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Safety Steps During Hurricane Season

The Atlantic hurricane season is June to November, with the peak season from mid-August to late October. On average there are 6 hurricanes, three which are categorized as “major,” each year. History provides important examples of the potentially dangerous impact hurricanes can have and the need to be prepared.

Prepare for the storm:

  • Charge all phone and communications devices
  • Unplug all electronics and move them as high as possible
  • If recommended by utilities or emergency offices, turn off breakers to avoid power surges

Weather the storm:

  • Stay indoors during hurricanes and away from windows and glass
  • Never operate a portable generator inside your home
  • Never connect a generator directly into your homes wiring unless a transfer switch has been installed
  • Always use GFCIs in areas where water and electricity may come in contact

Recover from the storm:

  • Do not use electrical equipment and electronics, including receptacles, that have been submerged in water
  • Have a qualified electrician inspect any water damaged electrical equipment and electronics
  • Stay away from downed power lines. If you encounter a downed power line, stay at least 35 feet away and do not touch the line or anything that may be in contact with the line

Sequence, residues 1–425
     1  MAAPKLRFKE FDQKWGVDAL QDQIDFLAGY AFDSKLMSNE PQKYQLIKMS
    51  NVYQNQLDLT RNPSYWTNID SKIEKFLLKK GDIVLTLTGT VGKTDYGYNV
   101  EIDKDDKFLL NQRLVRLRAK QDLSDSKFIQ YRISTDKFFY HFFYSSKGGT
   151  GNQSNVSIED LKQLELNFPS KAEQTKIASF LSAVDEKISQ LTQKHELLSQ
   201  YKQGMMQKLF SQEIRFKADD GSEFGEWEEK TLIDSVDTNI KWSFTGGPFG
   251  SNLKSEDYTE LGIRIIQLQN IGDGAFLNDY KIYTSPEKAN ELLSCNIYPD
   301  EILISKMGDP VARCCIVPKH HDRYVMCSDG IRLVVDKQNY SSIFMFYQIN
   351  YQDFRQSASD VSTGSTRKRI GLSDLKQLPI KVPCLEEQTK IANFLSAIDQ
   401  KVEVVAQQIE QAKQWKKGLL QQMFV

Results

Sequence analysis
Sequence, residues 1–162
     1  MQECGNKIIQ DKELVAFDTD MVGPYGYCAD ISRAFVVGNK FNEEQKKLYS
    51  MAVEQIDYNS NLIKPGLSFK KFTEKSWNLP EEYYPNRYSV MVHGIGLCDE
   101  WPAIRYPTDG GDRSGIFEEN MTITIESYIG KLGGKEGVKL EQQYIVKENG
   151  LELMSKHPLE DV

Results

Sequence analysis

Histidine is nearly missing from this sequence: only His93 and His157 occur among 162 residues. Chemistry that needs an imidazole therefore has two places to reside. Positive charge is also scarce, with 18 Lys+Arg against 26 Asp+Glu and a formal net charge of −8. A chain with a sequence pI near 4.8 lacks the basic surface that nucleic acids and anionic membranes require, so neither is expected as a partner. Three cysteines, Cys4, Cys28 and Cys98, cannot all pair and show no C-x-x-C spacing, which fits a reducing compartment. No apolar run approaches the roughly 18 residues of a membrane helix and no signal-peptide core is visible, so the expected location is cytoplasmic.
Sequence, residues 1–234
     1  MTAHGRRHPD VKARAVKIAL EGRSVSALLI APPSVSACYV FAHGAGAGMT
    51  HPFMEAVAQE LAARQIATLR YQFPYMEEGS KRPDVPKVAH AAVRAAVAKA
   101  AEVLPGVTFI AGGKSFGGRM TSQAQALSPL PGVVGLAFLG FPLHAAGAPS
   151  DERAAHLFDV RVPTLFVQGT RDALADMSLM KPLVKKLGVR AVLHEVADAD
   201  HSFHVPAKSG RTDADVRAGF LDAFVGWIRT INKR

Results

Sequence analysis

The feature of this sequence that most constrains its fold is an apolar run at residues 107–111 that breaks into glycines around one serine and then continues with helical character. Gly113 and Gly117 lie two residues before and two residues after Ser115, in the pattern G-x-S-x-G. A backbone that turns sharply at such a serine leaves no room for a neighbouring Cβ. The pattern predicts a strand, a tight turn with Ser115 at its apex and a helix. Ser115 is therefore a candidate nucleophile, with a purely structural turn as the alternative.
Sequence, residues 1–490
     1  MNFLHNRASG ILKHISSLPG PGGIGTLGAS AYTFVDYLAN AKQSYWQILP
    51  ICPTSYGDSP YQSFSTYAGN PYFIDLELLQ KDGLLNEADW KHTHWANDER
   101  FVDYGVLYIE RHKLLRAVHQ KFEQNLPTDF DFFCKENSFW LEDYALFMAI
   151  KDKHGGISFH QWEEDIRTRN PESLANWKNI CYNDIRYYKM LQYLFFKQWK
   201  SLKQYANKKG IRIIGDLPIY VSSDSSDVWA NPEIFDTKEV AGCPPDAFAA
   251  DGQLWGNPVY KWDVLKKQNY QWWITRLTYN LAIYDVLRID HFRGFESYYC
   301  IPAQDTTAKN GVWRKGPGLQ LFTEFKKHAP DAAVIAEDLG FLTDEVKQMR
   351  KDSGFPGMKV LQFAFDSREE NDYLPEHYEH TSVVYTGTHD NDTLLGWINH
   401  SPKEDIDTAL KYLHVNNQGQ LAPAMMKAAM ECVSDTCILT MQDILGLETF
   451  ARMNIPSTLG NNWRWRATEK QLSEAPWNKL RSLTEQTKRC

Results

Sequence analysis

Hurricane categories:

  • Category 1
    74 – 95 MPH Winds
    Some Damage

    • Potential roof damage
    • Large tree branches may snap, shallow-rooted trees may fall
    • Damage to utilities poles and power lines. Outages may last few to several days
  • Category 2
    96 – 110 MPH Winds
    Extensive Damage

    • Potential major roof damage
    • Shallow-rooted trees will be snapped or unrooted
    • Power outages for several days to weeks
  • Category 3
    111 – 129 MPH Winds
    Devastating Damage

    • Major home damage
    • Many trees will be snapped or unrooted
    • Electricity and water may be unavailable for several days to weeks
  • Category 4
    130 – 156 MPH Winds
    Catastrophic Damage

    • Severe home damage
    • Most trees will be snapped or unrooted and utility poles downed
    • Power outages for weeks to possibly months
  • Category 5
    > 156 MPH Winds
    Catastrophic Damage

    • High percentage of framed homes will be destroyed
    • Fallen trees and power pokes will isolate residential areas
    • Power outages for weeks to possibly months

According to the Insurance Institute for Business & Home Safety, homes built to modern building codes fare much better than homes built to older codes. Make sure your home is up to code.

Hurricane History:

  • The deadliest hurricane in U.S. history, referred to as the “Great Galveston Hurricane,” struck Texas in 1900 and resulted in an estimated 11,000 deaths.
  • Since 1851, the top three states for hurricane landfalls are Florida (114), Texas (63), and Louisiana (54), according to data from the Atlantic Oceanographic and Meteorological Laboratory in Miami.
  • Hurricane Sandy caused 8.5 million power outages across 21 states, the highest outage total ever.
  • 23 days after Hurricane Katrina local utilities had power restored to only three-quarters of their customers.
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